Sampletank 2's sample-import functions are probably best thought of as a useful bonus, rather than to provide serious competition for fully fledged software samplers. They're useable if you just want to add the odd sample to the library, or import a recording to muck about with the Stretch function, but they don't compare to the advanced sample-editing and mapping tools supplied with a program like Bitheadz' Unity Session. I also found that in Mac OS X, Sampletank 2 failed to recognise any of the WAV files I pointed it at.
Once you've got your samples loaded and mapped, or decided which set of factory samples you want to tweak, you can choose which of the three playback engines you want to use, and set up the various parameters to your satisfaction. All three synth engines give you coarse and fine pitch controls, and allow you to modify the pitch-bend range; Stretch adds the Tempo and Harmonics controls mentioned earlier, while the PS/TS engine provides Tempo and Overlap controls. The former can be varied over a huge range (10 to 1000 percent of the sample's original tempo), while the latter sets what IK rather cryptically describe as the "amount of data that's mixed between the time-stretcher grains". It appears to have only a very subtle effect in most cases, anyway!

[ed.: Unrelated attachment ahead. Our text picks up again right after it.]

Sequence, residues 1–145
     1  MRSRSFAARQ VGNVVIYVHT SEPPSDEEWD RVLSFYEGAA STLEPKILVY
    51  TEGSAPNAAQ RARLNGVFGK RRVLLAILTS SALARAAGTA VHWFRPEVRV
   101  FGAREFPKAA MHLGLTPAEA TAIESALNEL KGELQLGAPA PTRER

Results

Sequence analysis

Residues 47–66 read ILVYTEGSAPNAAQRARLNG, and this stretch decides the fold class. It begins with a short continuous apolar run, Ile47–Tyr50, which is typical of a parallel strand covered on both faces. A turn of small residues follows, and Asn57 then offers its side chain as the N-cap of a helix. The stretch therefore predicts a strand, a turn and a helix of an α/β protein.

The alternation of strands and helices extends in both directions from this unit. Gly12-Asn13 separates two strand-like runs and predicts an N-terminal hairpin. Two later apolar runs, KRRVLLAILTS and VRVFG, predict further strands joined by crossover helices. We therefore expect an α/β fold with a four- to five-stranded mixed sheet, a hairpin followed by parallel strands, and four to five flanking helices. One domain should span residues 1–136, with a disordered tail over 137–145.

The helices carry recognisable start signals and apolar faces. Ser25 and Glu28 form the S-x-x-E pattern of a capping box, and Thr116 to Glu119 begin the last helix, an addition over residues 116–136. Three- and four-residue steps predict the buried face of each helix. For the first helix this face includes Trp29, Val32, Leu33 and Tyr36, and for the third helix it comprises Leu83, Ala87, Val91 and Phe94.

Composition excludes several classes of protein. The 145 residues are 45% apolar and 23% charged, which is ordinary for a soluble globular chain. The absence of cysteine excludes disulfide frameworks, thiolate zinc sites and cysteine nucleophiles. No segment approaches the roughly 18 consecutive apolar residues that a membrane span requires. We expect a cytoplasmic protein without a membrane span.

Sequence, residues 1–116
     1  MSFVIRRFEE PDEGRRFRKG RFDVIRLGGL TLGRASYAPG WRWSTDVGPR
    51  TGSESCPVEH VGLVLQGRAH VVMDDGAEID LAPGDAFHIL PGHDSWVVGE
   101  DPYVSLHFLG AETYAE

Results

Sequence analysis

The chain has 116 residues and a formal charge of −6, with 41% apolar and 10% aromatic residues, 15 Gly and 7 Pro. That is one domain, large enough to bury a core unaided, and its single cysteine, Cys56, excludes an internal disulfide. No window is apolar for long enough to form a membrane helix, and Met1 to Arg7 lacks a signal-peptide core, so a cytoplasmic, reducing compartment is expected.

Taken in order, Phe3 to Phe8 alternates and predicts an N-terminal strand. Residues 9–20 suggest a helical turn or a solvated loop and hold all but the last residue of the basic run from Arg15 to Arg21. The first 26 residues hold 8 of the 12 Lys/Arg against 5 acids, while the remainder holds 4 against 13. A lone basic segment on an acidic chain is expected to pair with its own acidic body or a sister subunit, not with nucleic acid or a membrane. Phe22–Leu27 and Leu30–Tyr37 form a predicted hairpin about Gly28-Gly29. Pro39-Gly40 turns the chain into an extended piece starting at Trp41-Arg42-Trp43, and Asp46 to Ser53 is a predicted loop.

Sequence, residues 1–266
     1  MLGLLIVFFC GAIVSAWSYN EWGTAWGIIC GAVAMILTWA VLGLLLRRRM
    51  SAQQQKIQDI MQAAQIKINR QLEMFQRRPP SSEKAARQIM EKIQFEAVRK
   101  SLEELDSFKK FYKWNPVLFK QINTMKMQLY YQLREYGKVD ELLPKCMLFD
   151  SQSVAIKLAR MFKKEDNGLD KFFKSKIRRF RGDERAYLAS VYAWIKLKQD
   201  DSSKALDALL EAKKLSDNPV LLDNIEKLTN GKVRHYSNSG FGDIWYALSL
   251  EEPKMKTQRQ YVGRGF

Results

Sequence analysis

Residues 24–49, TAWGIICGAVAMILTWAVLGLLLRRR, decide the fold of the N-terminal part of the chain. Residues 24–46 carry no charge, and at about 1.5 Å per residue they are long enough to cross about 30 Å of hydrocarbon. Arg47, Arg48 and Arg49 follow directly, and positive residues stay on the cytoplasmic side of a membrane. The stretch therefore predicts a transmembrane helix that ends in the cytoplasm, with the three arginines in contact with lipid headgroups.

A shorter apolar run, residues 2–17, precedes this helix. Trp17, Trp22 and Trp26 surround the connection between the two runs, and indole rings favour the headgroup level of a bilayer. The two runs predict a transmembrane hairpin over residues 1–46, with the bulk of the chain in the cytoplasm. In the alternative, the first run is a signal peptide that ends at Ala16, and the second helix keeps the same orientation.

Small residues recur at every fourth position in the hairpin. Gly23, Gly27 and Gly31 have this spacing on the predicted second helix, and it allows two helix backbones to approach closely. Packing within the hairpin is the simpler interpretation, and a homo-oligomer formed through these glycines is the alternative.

Whichever synthesis engine you adopt, your program also benefits from two ADSR envelopes — one hard-wired to amplitude, the other to filter cutoff and pitch — and two LFOs, each of which can be assigned to amplitude, pitch or filter cutoff. LFO2 can also be assigned to pan, while LFO1 boasts a delay parameter and the ability to run continuously rather than be triggered anew with each key-press. Keyboard velocity can be used to modulate amplitude, filter cutoff and resonance, pitch, LFO1 depth and Env2 sustain, while the filter offers low-, high- and band-pass modes with 6, 12 or 24dB-per-octave slopes. I was slightly surprised to find that there's no key-follow parameter for the filter cutoff, but this aside, Sampletank 2 provides all the control most users are likely to need.